Forensics: The Intersection of Science And The Law
By Dana M. Grimes, Esq.
In the past few years, advancements in PCR-based DNA testing and forensics have caused monumental leaps in the probative value of DNA evidence and the use of DNA testing in criminal investigations. DNA evidence is strong and it is valuable, but it is not always available and is not always the end of the story. The Combined DNA index system in the US now contains over 5 million DNA profiles.
DNA is no longer reserved for murder or rape cases. It is now routine to see DNA tests in many felonies, from assaults to residential burglaries. It is becoming increasingly common in San Diego for criminal defense lawyers to pick up discovery suggesting numbers that sound straight out of Kurt Vonnegut’s imagination, like there is a “one in sextillion” chance that our client was not at the crime scene. The national DNA databases are solving hundreds of crimes per month with “cold hits,” and DNA evidence has exonerated many innocent defendants who have served years in prison. (Of course, a number of unlucky prisoners have been exonerated after their executions.) The latest development in this field is familial DNA, which in June of 2010 resulted in the arrest of alleged serial murderer Lonnie Franklin. Franklin was not in the DNA data basis, but his son was. Police looking for a DNA match for murders of a serial killer in LA found that Franklin’s son was close enough that the killer was probably an immediate family member. Upon further investigation, they obtained a DNA sample from Lonnie Franklin, which was a match. This is a huge development in investigation of crime with DNA, greatly expanding the scope of potential suspects beyond present DNA data bases, to include family members of those in the data bases.
Once a main focus of forensic labs, trace evidence has been somewhat neglected with the tremendous increase in the use of DNA evidence. Hair comparison and fiber comparison is becoming a lost art. In hair comparison, hairs are collected and used to obtain DNA samples as the hair root can be a source of DNA.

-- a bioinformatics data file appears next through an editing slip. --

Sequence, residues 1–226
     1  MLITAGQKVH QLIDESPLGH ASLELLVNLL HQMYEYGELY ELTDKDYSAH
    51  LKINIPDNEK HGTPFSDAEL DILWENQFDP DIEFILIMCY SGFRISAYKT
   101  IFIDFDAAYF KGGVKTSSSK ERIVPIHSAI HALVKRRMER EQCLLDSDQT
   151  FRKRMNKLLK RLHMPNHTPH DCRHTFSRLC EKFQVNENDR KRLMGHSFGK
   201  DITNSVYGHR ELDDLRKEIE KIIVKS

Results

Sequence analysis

Shoe and tire impression evidence is still utilized with frequency. (You may recall the bloody shoe prints left at the murder scene at Bundy Drive by a pair of size 12 Bruno Magli’s in the O.J. Simpson case.) Paint identification and comparison can be compelling evidence and is commonly used in hit and run cases involving death or serious injury.
Prints have taken a back seat to DNA and have been subject to some recent criticism. While comparison of latent prints to the properly rolled legible prints of an individual known or suspected of being at a crime scene can be very strong evidence, the FBI created grounds for cross-examination of fingerprint experts in 2004 when they arrested an Oregon lawyer and former Army lieutenant and jailed him for two weeks. An FBI “super computer” and FBI fingerprint examiners positively identified the lawyer as having left a partial print on a bag of detonators linked to terrorists who bombed trains in Madrid resulting in about 2,000 injuries and 191 deaths.
The FBI made the arrest even though the latent print examiners for the Spanish National Police notified them three weeks prior to the lawyer’s arrest that they had concluded that the print did not belong to him. (Prior to his arrest, FBI agents entered the attorney’s home without his knowledge under the authority of the Patriot Act, arousing the family’s suspicion of bolting the wrong lock on their way out and by leaving trace evidence – a shoe impression on a rug that did not match any family member’s shoes. Subsequently, in an FBI raid, agents took the attorney’s computers, modem, safe deposit key and papers including what they termed “Spanish documents” – which later apparently turned out to be the Spanish homework of one of the attorney’s children.) The federal government ended up settling the civil claim of the lawyer, his wife and three children for close to $2 million.
Despite its popularity in the film industry, gunshot residue (which is technically in the category of trace evidence) is not one of the strongest areas of forensic science and has been the cause of mistaken testimony and wrongful convictions. Microscopic comparison of fired bullets and expended cartridge casings, on the other hand, is a more reliable science. Striations (scratches) on fired bullets are unique to every firearm, as are the corresponding marks left on expended cartridge casings. Even when the suspected firearm has not been seized, the characteristics of a bullet or casing can still be very important to the case. For example, 6 groove, right-hand twist rifling on a bullet of a specific caliber can sometimes identify the manufacturer of the firearm, or at least eliminate many manufacturers (hopefully eliminating any firearms ever owned by your client). DNA testing of firearms, as well as cartridge casings left at the scene of homicides, sometimes proves very effective in identifying the shooter.